Animal welfare experts and advocates consider that some of New Zealand's wildlife tourism encounters are unethical and provide poor experiences for the animals; some do not meet the industry sector body's standards.
Education of the public is needed so they can make informed, ethical choices in animal encounters and some operators need to improve, or in some cases, stop certain activities.
Many zoological facilities in Aotearoa New Zealand are accredited through the Zoo and Aquarium Association Australasia (ZAA) which considers the welfare of their animals using the Five Domains of Animal Welfare.
VAWA was really concerned to see footage of lion cubs at Paradise Valley Springs (PVS) being patted, tail pulled and surrounded by large numbers of people even when they were sleeping. Cub patting is a long-standing practise at the facility, despite the practise not meeting recognised international, nor New Zealand's own, standards.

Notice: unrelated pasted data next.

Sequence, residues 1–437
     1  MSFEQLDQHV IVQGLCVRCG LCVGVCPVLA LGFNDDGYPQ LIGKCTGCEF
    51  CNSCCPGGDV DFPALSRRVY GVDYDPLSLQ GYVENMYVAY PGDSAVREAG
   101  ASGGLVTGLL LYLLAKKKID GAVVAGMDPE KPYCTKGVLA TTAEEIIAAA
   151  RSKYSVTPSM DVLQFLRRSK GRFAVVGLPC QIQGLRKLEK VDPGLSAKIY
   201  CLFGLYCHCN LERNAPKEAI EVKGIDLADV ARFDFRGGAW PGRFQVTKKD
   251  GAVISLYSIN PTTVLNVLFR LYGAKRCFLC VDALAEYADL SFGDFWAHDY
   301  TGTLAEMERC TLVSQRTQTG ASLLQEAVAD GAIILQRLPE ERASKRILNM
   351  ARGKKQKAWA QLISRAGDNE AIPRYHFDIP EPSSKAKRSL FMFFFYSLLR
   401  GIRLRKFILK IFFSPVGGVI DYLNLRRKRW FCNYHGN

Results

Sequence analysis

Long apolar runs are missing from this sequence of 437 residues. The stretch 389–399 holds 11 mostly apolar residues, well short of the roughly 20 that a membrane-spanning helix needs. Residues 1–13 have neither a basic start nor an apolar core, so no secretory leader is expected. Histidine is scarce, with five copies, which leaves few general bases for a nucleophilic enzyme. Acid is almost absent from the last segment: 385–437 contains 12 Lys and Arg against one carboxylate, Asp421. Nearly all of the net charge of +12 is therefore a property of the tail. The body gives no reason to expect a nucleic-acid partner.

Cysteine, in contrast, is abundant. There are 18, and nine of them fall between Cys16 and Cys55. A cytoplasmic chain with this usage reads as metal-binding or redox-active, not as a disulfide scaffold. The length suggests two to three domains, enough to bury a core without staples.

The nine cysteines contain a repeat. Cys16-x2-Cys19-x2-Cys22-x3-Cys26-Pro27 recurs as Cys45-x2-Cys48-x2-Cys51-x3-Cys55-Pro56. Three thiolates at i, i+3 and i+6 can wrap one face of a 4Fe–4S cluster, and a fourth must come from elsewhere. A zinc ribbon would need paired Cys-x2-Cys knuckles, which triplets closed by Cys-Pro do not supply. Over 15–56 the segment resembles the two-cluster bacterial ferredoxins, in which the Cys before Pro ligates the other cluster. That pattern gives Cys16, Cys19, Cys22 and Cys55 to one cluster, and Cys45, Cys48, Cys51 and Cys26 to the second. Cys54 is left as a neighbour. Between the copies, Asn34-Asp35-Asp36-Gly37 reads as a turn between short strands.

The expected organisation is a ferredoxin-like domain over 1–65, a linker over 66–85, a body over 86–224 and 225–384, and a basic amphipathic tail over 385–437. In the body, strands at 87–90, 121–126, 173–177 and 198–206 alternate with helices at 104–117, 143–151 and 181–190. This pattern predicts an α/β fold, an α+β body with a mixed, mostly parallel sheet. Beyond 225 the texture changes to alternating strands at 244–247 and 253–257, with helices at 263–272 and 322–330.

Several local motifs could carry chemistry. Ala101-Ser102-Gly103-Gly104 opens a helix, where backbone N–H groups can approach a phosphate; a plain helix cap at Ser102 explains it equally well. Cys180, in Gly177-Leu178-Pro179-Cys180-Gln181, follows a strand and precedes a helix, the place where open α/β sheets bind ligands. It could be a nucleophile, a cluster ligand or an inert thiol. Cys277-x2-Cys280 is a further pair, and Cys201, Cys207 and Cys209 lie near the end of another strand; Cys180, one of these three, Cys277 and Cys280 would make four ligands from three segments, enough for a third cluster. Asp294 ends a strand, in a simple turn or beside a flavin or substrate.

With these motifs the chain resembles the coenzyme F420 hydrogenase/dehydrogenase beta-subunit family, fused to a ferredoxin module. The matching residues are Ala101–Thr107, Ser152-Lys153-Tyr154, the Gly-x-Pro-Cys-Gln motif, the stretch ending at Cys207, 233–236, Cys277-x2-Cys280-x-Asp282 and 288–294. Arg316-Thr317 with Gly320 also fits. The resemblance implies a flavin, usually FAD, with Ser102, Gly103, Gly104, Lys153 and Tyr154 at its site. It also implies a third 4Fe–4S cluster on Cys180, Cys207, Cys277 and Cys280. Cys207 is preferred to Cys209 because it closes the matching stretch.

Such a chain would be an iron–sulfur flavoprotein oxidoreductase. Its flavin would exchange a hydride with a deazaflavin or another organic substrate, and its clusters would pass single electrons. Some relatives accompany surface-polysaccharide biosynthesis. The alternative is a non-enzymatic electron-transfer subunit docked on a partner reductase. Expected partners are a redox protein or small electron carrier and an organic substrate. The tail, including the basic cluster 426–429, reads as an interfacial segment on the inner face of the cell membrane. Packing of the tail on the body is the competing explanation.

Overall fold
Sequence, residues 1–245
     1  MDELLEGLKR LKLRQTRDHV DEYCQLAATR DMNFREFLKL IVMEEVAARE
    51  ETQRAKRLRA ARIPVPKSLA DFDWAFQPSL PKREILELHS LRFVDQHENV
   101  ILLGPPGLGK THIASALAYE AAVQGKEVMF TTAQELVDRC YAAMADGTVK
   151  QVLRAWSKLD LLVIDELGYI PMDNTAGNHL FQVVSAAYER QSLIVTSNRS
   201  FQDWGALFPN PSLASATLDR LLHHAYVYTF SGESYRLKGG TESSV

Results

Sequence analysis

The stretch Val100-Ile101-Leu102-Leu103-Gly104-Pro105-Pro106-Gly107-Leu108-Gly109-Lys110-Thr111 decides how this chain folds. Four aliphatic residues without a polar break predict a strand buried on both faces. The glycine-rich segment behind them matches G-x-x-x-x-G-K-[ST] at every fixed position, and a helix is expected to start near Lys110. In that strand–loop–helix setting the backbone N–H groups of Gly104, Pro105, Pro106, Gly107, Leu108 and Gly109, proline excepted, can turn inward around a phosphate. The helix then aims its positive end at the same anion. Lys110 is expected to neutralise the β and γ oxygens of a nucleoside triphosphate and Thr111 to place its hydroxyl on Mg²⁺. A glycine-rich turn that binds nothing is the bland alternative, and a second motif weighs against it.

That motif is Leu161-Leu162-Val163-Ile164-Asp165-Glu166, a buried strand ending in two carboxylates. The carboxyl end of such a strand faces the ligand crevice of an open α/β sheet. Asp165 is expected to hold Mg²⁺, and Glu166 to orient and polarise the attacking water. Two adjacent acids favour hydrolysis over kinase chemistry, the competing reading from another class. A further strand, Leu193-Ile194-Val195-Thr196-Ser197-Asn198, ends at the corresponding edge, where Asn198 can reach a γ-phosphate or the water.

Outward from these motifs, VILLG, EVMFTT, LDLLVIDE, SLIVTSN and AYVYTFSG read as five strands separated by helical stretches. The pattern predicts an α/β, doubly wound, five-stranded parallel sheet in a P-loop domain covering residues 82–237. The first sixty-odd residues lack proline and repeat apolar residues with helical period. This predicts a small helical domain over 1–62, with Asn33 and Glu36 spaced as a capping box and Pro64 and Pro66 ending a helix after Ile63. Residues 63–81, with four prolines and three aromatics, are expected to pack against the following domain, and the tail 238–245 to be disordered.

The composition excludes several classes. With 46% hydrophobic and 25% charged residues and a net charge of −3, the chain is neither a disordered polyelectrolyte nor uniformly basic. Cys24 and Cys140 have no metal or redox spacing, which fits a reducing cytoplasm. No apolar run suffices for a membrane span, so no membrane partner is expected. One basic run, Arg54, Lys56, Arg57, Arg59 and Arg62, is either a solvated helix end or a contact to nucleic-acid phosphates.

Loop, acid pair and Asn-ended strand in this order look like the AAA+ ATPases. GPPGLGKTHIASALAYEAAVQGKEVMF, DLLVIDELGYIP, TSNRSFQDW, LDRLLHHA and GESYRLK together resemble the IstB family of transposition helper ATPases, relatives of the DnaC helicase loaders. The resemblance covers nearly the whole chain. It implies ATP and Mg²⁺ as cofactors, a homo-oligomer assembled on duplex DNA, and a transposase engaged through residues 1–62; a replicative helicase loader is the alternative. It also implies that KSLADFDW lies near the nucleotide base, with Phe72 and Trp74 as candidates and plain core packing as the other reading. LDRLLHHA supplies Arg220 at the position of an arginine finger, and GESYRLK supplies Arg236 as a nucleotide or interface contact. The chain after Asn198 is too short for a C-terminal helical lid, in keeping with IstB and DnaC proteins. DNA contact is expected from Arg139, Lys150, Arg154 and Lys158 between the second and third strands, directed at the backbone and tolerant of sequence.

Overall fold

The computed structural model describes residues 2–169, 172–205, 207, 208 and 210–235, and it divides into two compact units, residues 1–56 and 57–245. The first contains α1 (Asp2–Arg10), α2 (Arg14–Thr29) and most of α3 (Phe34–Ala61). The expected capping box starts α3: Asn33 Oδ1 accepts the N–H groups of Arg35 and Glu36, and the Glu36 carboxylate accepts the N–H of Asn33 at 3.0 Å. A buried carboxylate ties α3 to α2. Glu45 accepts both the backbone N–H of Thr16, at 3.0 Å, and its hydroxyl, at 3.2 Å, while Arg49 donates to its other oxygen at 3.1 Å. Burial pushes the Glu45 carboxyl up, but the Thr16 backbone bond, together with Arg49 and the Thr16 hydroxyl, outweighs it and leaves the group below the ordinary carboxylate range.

Paradise Valley Springs Wildlife Park is not part of the ZAA.
VAWA spoke to Stuff about PVS, and RNZ's The Detail ran a story (The Dark Twists and Crazy Turns of Whangarei's Big Cat Park) on Kamo Wildlife Park about which VAWA also has significant concerns (read here).
Animal suffering can result from poorly managed zoological facilities and wildlife tourism ventures - how people and the animals interact is an important aspect of overall welfare.
Allowing activities such as lion cub patting in New Zealand where it is generally thought that animal welfare laws are strong, means members of the public are led to believe the welfare of the animal involved is acceptable, despite evidence to the contrary.
Wildlife tourism needs to operate above Aotearoa’s laws which currently allow for unacceptable encounter. New Zealand should demonstrate international leadership in wildlife tourism which is important in protecting Aotearoa’s reputation as animal care leaders.